Scientists aim to stop sanctioned Russian timber from entering Europe by mapping trees' chemical fingerprints. This method could help companies like IKEA avoid using illegal timber.

Stehendes Holz

Nonprofit combats illegal timber in EU with wood chemical signatures

Nonprofit combats illegal timber in EU with wood chemical signatures

Bild: Depositphotos

Scientists aim to stop sanctioned Russian timber from entering Europe by mapping trees' chemical fingerprints. This method could help companies like IKEA avoid using illegal timber.

The Washington-based nonprofit World Forest ID is leading the effort to prevent illegal wood from entering timber supply chains. This initiative targets EU sanctions on Russian and Belarusian timber following the invasion of Ukraine. World Forest ID analyzed thousands of wood samples, using statistical models and AI to create a database that customs officials and auditors can use to verify timber origins with simple lab tests.

Furniture giant IKEA has used this database to vet suppliers, and Belgian authorities seized over 260 tons of illegally shipped Russian timber. Scaling up this project could help companies source other agricultural commodities responsibly.

Mikhail Tarasov, IKEA’s head of forestry, said to WSJ, “We are today at a stage of fully integrating this as part of our due diligence system.”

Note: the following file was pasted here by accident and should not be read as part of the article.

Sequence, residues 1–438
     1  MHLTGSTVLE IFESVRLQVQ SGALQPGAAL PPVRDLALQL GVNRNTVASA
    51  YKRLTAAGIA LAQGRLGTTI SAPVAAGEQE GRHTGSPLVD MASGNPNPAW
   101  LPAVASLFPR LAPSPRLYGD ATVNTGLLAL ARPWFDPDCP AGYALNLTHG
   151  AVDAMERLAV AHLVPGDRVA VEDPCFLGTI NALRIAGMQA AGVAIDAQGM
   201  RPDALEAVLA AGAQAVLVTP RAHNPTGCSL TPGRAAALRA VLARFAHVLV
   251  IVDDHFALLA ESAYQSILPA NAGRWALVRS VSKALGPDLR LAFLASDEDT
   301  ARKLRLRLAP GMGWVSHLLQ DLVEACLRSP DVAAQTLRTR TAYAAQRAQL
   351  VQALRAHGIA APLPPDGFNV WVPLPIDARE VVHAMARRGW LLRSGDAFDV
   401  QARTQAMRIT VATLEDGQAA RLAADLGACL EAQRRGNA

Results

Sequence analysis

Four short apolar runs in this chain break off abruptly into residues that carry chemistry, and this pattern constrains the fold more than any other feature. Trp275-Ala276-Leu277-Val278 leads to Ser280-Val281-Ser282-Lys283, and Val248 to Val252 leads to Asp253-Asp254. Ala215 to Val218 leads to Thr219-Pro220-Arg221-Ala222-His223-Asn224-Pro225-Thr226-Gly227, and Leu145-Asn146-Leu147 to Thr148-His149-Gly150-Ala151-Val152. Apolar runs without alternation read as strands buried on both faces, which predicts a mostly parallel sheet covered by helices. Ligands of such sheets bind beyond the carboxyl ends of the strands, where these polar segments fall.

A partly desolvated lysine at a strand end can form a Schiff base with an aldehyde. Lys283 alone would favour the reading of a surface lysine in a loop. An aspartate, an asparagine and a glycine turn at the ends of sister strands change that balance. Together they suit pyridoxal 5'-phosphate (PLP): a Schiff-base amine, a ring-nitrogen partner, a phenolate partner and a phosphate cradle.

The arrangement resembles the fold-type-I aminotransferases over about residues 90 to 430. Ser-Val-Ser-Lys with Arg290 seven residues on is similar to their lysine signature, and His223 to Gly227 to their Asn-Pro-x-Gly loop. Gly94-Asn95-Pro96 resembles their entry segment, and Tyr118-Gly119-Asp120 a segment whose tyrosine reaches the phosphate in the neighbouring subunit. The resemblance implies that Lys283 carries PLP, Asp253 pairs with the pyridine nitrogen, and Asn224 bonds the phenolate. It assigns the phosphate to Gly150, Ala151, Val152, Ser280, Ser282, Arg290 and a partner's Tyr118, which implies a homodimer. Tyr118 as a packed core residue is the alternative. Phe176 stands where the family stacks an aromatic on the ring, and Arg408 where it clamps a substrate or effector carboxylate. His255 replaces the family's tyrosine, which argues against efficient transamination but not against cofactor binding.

World Forest ID launched in 2021 to fight deforestation with scientific methods. The nonprofit saw an opportunity to test its approach when sanctions were imposed on Russian timber. Tracking illegal timber is challenging because it can travel through multiple countries and mix with other wood before reaching the EU.

Customs agents and auditors primarily rely on paper trails and on-site visits to detect illegal timber, but these methods are costly and limited. Trade data suggest that timber suppliers in intermediary countries have evaded sanctions by re-exporting Russian wood to the EU. Before the war, IKEA sourced about 16% of its timber from Russia and Belarus, making compliance with sanctions a significant task.

World Forest ID’s rigorous sampling and testing methods have shown promise. The group uses tests to measure stable isotopes and trace elements in wood, which vary based on environmental factors. These results are spatially interpolated using advanced statistical methods and machine learning, allowing the prediction of chemical signatures for trees in unsampled areas.

A peer-reviewed paper in Nature Plants highlighted that World Forest ID’s model identified false origin claims in 40% to 60% of cases. Belgium’s federal health-and-food safety agency is using this data to back up forensic tests of timber shipments.

Growing regulations require companies to crack down on commodities linked to environmental degradation. Starting next year, companies in Europe must perform additional due diligence on timber and other commodities contributing to deforestation. World Forest ID is expanding its efforts to include soy and cacao.